Wednesday, January 13, 2016

Do whatever he tells you

Second Sunday in Ordinary Time Year C

Much significance is often given to the last words of someone, especially his last words uttered on his deathbed. Have you noticed that the final words of a person's life seem to command a little extra respect no matter how much they talked in life? When you’re dying, there’s no time for wasted words. When you know the clock is against you and you want to utilise what time is left to impact those you’re saying goodbye to, you speak the most important things you have to say. You say what is most urgent and you cut out the unnecessary gloss. Much have been written about the last words of the Lord as He hung dying on the cross. But little attention have been paid to the last words of His Mother, which interestingly is found in today’s gospel, at the beginning of Jesus’ public ministry.

The Fourth Gospel tells us that it was the mother of Jesus who first notices that the wine had run short at the wedding feast and that it is she who alerted Jesus to this embarrassing situation. She entrusts a human need to his power – to a power which is more than skill and human ability. The Church sees in this simple action the intercessory role of Our Lady. “They have no wine.” Her first words in the Fourth Gospel. But Jesus then seems to respond with a rebuke, a point often highlighted by Protestants, “Woman, why turn to me? My hour has not yet come!”

Why would Jesus addressed His mother as “woman”? We would return to this question shortly. But first let us look at the “hour” of Christ. Christ’s “hour” is the time at which He is betrayed, arrested, and killed: the moment of His greatest agony and greatest glory. That’s what He is referring to each and every time that He mentions “His hour,” and it’s what He’s warning her about. To say that His hour has not yet come is to indicate that Jesus follows a different schedule, not one set by men or re-shaped by contingencies.  Jesus never acts completely alone, and never the for the sake of pleasing others. The Father is always the starting point of his actions, and this is what unites him to Mary, because she wished to make her request in this same unity of will with the Father. So, what appears to be a rebuke to the undiscerning eye may actually be an invitation – an invitation to submit obediently to the will of God.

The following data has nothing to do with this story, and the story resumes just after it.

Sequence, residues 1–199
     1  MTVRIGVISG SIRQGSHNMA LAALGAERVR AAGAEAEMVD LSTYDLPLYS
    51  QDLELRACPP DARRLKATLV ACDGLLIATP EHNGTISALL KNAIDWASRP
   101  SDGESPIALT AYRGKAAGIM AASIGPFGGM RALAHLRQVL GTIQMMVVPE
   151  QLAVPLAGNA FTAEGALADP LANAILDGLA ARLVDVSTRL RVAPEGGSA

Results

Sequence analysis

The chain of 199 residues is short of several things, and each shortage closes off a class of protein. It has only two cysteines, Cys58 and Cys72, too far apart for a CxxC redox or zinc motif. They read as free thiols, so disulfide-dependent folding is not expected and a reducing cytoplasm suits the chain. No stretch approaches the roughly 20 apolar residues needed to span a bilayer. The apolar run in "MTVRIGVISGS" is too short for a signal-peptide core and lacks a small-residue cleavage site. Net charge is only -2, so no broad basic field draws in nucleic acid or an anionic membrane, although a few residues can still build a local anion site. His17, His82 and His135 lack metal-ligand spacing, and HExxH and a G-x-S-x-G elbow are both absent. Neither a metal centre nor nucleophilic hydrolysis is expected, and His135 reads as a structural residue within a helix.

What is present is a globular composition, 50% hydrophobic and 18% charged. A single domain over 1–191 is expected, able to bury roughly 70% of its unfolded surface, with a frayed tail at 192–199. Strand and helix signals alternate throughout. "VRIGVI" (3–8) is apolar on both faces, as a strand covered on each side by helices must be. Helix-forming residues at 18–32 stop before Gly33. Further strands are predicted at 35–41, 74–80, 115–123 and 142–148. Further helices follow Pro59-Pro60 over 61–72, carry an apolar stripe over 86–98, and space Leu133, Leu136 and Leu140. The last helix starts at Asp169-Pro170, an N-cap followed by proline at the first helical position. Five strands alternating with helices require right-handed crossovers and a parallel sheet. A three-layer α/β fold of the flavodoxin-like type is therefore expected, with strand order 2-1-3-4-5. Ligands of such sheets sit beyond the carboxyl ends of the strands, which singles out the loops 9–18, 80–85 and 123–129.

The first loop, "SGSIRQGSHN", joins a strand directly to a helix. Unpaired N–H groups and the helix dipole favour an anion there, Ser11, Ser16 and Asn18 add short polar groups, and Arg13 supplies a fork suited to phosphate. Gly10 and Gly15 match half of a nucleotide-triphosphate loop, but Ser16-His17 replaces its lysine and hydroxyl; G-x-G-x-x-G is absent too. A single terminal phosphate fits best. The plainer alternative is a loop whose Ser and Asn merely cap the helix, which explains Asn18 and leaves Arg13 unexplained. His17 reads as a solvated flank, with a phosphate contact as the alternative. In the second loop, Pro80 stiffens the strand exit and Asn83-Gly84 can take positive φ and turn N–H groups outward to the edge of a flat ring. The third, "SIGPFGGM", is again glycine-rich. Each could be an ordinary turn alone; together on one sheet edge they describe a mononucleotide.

Our Lady responds in obedience to the Son’s total obedience.  She immediately tell the servers, “Do whatever he tells you.” She doesn't tell Jesus “They have a problem, fix it.” She does not insist or demand. She doesn’t chart out a course of action for Jesus, much less specify the manner in which Jesus must resolve the problem.  She leaves everything to the Lord’s judgment. This is how she teaches us to pray: not by seeking to assert before God our own will and our own desires, however important they may be, but rather to bring them before him and to let him decide what he intends to do. Obedience to God’s will is a necessary condition for prayer. She tells the servants to do what she herself would willingly do, “Do whatever he tells you.” These words carry much weight and significance because they are the last recorded words of Mary in the gospels. Thereafter, she observes a “vow of silence” throughout the gospel narrative and doesn’t even break it at the foot of the cross. Her last words would be her defining moment. It would mark her entire life’s mission – obedience to the will of God. With these last words, she sets the ball rolling for the rest of the story of her Son, His performing the first sign that would reveal His mission and His glory.